5 June 2010 In continuing efforts to preserve gorillas, one of the world's most endangered species, the United Nations mission in the Democratic Republic of Congo (DRC), will next month carry out a second airlift of six baby gorillas to a sanctuary where they will be cared for before they released into the wild.
“Together, the orphaned gorillas are hoped to form a new ''family'' of 10,” the UN Environment Programme (UNEP), which recommended the airlift along with INTERPOL, said in a press release yesterday.
The operation, planned for mid July, is the second to be conducted by the UN peacekeeping force in DRC as part of a wider effort to combat the illegal cross-border trade in baby gorillas, which has intensified in recent years with the proliferation of armed groups in the region.
The first rescue was conducted by the peacekeeping mission on 27 May, when four eastern lowland baby gorillas, seized from poachers, were flown to safety by UN helicopters to a sanctuary in Kasughu in North Kivu province.
The ultimate objective is to rehabilitate the gorillas and to reintroduce them back in their natural environment.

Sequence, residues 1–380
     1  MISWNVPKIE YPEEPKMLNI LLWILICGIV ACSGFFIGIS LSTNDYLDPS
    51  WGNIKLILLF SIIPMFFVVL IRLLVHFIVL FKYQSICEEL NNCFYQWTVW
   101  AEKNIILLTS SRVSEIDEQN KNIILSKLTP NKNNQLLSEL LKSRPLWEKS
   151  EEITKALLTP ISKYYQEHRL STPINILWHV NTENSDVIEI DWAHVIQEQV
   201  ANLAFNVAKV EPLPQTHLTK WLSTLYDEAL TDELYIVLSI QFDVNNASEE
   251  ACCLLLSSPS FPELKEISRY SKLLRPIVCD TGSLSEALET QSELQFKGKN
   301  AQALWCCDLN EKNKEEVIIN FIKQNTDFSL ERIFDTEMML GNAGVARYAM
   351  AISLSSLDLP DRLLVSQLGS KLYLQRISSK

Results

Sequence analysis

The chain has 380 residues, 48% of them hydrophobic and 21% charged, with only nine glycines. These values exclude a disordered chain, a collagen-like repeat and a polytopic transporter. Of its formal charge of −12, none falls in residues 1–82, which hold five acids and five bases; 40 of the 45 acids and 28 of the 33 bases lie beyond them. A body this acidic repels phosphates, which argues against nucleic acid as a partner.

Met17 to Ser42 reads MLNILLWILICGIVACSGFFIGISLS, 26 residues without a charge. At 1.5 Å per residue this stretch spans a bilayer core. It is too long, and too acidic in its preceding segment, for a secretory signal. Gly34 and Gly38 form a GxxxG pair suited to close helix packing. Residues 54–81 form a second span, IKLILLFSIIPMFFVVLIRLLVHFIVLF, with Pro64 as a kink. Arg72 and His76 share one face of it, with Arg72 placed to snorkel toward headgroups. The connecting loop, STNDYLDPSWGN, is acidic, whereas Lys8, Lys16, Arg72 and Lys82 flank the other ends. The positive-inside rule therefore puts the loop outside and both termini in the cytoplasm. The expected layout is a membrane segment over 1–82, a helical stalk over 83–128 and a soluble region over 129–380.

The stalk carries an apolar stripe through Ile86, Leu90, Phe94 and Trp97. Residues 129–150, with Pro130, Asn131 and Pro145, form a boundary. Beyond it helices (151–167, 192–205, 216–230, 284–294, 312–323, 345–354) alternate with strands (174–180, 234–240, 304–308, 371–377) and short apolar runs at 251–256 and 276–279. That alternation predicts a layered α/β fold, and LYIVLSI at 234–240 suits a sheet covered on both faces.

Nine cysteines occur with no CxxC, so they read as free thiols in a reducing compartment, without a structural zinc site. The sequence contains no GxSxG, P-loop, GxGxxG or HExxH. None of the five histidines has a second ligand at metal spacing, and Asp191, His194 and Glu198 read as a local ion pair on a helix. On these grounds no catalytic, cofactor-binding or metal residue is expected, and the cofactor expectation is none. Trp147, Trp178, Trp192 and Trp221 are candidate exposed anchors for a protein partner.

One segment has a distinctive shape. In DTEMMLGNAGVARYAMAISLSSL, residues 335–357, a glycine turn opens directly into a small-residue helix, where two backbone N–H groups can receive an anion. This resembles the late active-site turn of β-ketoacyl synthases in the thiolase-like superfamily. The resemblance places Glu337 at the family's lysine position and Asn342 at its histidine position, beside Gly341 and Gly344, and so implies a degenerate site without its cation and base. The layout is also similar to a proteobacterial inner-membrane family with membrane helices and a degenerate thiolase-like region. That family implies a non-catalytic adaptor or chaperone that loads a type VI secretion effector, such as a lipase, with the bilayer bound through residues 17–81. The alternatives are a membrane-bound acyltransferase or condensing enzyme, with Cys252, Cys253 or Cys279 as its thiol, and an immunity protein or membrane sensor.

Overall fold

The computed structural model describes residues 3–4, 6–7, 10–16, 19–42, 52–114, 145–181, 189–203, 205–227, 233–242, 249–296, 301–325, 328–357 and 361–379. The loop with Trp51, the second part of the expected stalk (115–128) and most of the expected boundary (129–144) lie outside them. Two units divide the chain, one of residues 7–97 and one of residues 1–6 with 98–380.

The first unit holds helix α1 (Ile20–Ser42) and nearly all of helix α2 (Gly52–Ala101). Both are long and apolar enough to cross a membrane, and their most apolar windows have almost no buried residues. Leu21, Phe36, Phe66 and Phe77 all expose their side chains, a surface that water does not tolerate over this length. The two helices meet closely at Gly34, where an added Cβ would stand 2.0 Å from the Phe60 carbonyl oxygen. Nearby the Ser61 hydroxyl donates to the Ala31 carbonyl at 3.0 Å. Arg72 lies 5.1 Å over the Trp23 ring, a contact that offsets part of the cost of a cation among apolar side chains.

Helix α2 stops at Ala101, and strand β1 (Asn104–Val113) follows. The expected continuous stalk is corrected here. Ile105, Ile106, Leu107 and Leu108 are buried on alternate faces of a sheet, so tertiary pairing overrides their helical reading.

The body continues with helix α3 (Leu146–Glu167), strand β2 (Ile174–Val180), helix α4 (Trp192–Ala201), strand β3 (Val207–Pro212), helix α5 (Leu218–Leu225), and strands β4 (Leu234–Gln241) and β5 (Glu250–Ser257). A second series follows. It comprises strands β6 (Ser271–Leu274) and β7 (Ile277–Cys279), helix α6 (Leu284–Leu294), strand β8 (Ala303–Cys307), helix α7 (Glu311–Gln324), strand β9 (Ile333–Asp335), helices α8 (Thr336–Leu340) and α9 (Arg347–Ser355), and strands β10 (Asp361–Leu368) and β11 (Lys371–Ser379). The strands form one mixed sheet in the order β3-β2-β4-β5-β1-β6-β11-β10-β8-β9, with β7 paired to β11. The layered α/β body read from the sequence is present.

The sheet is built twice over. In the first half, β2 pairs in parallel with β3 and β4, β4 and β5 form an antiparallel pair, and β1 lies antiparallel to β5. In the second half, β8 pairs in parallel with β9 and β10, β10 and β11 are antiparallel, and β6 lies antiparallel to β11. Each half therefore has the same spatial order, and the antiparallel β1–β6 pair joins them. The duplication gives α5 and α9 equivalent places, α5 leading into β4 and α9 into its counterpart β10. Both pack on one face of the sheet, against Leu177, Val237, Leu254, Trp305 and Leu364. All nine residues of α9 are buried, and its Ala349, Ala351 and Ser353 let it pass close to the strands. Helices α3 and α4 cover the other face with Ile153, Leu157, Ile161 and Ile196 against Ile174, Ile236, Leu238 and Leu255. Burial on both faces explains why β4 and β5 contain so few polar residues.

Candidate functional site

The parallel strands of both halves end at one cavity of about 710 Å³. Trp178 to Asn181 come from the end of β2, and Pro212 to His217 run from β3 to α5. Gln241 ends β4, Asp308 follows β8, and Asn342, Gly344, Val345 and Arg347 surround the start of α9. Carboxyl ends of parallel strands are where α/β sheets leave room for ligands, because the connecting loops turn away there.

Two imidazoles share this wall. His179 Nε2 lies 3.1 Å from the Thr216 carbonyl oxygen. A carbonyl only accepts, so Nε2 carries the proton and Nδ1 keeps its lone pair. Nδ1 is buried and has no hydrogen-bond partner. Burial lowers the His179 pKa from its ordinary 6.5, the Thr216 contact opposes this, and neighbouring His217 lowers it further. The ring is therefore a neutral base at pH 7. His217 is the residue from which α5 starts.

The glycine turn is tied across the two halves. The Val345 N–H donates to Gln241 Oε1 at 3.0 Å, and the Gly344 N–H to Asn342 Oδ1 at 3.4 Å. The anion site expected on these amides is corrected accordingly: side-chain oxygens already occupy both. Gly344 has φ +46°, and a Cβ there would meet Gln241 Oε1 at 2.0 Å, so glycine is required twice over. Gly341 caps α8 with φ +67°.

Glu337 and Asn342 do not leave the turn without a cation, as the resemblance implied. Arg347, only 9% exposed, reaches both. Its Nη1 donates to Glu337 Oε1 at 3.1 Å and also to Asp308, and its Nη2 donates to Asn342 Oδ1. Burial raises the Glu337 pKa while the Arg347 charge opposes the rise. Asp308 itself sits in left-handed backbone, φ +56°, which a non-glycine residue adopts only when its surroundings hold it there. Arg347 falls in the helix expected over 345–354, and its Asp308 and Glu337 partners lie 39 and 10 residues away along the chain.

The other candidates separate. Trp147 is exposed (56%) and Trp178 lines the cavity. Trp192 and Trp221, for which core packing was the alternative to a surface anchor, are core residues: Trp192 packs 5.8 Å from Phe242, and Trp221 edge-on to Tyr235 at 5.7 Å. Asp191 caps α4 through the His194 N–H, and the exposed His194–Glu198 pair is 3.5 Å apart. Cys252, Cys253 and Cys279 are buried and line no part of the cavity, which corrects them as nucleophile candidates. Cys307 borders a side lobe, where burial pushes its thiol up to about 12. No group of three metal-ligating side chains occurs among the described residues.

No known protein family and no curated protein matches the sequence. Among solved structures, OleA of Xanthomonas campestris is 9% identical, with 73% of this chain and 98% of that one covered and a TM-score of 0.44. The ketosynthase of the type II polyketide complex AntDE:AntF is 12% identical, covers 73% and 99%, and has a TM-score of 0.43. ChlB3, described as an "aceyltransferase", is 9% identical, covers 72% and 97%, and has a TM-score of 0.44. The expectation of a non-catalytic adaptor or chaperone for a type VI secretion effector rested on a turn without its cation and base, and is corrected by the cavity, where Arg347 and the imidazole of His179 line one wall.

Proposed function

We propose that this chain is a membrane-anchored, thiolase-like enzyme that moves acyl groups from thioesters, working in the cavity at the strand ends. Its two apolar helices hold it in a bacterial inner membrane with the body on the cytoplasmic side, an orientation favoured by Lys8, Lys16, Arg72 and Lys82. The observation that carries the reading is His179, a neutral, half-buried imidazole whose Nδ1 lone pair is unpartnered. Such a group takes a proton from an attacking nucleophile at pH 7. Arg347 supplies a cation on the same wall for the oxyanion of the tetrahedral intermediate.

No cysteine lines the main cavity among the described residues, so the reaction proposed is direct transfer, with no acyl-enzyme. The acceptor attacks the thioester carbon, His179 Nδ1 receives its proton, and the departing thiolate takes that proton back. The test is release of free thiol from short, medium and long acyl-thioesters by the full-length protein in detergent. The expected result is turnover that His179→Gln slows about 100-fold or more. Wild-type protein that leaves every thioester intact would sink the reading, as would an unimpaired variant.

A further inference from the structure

According to a report by UNEP entitled "The Last Stand for the Gorilla", unless urgent action is taken to strengthen the enforcement of environmental law and counter poaching, endangered gorillas may largely disappear from the Greater Congo Basin, in the next 15 years.
Previous projections by the agency in 2002 suggested that only 10 per cent of the original ranges would remain by 2030.
Those estimates now appear too optimistic, given the intensification of pressures including illegal logging, mining, charcoal production and increased demand for bushmeat, of which an increasing proportion is ape meat.
The Greater Congo Basin, including the Virunga mountain range, is considered one of the world's most resource-rich but troubled regions.
In the context of recent wars and continued unrest, the environment remains the silent victim of conflict in the region.
Natural resources are systemically exploited or illegally-harvested. Minerals such as diamonds, gold, cassiterite and coltan - used in laptops and mobile phones - as well as timber, end up crossing borders, passing through middle men and companies before being shipped onto countries in Asia, the European Union and the Persian Gulf.
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